AFI Fest: Nine Days Review

AFI Fest: Nine Days Review

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Without giving too much away about the film or sounding like I am hyping up the film too much, I believe that Edson Oda’s directorial debut is better than most other films I’ve seen in recent years and is the most original film I’ve seen in years. Most films are driven by a central plot, good and evil forces, usually resolved or wrapped up by the film’s end. Nine Days isn’t concerned about any of that, instead opting to focus on the characters themselves. That may sound like what is usually referred to as a “character study,” but it goes so much deeper than that – Oda provides us a look into who that person is, their reactions to others’ behavior, and all the choices that make up the soul.

Not content to stop there, Oda provides this tactile feeling to everything we see – even if only to give our brains an easy way to process everything we’re seeing. I felt the sand in my toes, the air against my hand, the glow of a television. In this effort, Edson Oda offers a conversation about how the soul is borne into this world, the hefty responsibility of using our time on Earth for good, and what ideas surround death or suicide.

While Nine Days doesn’t take place on any earth that we know, opting for a remote desert between life and death. Think of it as purgatory, a place of judgment, except no one there is alive or dead. Instead, think of it as a sort of limbo that unborn souls have nine days to audition for life. In those days, these souls spend most of their time wandering around this barren limbo.

Will (Winston Duke) lives in one of the few homes in this space, although it’s more of working existence. He “interviews” the unborn souls for those nine days and monitors their ensuing lives on a wall of CRT TVs. Each of these people was previously chosen by Will many years ago. When one of the souls dies, he is tasked with interviewing the next soul to be born.

How will decides the soul that will be born is of the utmost importance, as each soul reacts differently to the joys and sorrows of being alive. This truth outside the film and into the real world. The more you look at the philosophy inside the film, the better experience you will have.

As a result, the film asks you to contextualize it within your own life. You could look at life with an angry eye as Will does. Maybe your religious beliefs factor into how you go about life. That’s undoubtedly discussed within the film’s narrative. These numerous souls competing against another for the chance to be alive exist on a broad spectrum of philosophies, from the free-spirited (Zazie Beetz) to the logic-based (Bill Skarsgard). Some exist to crack open a beer (Tony Hale, who balances out the grave subject matter with his usual humourous bits) after a long day and those who lead a tortured existence (David Rysdahl).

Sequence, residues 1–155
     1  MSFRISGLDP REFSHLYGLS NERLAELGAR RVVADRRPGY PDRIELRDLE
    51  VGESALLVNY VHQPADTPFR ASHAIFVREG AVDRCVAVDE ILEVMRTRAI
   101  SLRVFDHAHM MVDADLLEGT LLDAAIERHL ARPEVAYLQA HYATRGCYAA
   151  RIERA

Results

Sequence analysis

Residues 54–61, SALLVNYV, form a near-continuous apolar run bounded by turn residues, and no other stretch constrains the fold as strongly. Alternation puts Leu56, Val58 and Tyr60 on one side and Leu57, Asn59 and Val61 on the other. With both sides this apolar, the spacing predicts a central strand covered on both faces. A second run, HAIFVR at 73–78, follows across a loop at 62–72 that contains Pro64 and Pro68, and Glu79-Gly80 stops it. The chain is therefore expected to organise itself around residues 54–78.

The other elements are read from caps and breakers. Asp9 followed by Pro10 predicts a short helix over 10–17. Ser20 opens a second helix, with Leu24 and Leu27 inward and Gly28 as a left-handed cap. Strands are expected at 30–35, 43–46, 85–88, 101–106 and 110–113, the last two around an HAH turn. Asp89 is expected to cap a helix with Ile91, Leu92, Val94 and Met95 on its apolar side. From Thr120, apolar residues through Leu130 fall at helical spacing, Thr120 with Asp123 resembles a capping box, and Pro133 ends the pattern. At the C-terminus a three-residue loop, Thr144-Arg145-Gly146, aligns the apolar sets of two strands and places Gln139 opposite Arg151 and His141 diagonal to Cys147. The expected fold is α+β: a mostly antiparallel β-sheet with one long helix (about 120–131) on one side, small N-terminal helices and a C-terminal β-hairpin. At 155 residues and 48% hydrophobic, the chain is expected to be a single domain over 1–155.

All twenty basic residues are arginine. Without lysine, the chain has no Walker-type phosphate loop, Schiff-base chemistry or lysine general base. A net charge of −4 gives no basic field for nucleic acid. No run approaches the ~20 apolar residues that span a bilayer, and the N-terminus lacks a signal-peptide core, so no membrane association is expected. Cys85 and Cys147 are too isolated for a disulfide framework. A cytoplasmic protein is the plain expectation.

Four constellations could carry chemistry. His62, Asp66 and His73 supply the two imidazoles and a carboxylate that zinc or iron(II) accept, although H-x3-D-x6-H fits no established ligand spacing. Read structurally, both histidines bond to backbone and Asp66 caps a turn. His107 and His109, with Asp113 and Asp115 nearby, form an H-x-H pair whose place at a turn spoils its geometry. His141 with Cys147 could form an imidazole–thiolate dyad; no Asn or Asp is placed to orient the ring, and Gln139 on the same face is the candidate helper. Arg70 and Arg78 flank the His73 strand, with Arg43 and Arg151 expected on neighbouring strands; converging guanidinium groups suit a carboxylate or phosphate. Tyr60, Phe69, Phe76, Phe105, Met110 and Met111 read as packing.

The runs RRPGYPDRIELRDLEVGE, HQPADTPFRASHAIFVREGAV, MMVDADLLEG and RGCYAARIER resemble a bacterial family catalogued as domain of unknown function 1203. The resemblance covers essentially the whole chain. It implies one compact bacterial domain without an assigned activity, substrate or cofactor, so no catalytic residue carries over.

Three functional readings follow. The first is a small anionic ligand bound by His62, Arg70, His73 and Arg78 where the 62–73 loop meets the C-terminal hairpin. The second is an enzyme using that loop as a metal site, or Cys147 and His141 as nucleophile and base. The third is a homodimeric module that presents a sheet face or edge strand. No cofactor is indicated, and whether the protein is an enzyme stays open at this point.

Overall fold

Many scholars argue that we are born into the world. Edson Oda offers an alternative view, implying that maybe there’s something that comes before birth. Perhaps we are interviewed by someone like Will with a series of hypotheticals to answer, like an exam, but the pass/fail grade is left entirely up to the person testing your soul. In the meta-narrative of this film, we see Will take his applications through this exam, something he calls an “Existence Aptitude Test” that starts as an innocent series of hypotheticals but rapidly introduces his own bias into the exams that leads to slighting those that we as an audience will connect to the most.

That moral center, if you want to call it, that is Zazie Beetz’ Emma. She’s never been on Earth, but out of all of the applicants, she has what would commonly be reffered to as a “positive look on life”. Will pushes against that positivity and puts the two at odds. When she begins to challenge Will’s methodology, Will sits Emma in front of the wall of TVs and asks her to write down everything she likes about what she is seeing – filling the entire notebook with thousands of little things she enjoyed. During all of these trials, Emma uses everything she learns and applies to Will, studying him when he’s not looking.

While much of Nine Days centers on these trials these souls are enduring, that’s not what this film is trying to discuss. It’s trying to discuss what happens to a soul when a soul becomes numb. With Emma, Will gets the chance to spark an optimisim that Will has lost over the years of interviewing souls. She is the purest of souls, putting others’ needs before hers. 

I still can’t believe that this Edson Oda’s first feature film. There is an attention to detail to every part of Nine Days, whether it’s one side of a frame being blue and another being yellow to signify a sunrise & sunset, the production design of Will’s house, featuring a theater that performs last wishes for the souls who were denied the opportunity of life or the wall of TVs that all have an individual video stream (which likely took a massive editing bay to make each TV have relevant information), and the violin-led score helps to create this crafted reality. 

Nine Days is not a film to be missed, especially if you love movies about philosophy. 

Trailer courtesy of Sony Pictures Classics

Rating: 5 out of 5.

Nine Days is releasing in early 2021. Reviewed as part of the 34th Annual AFI Fest. 

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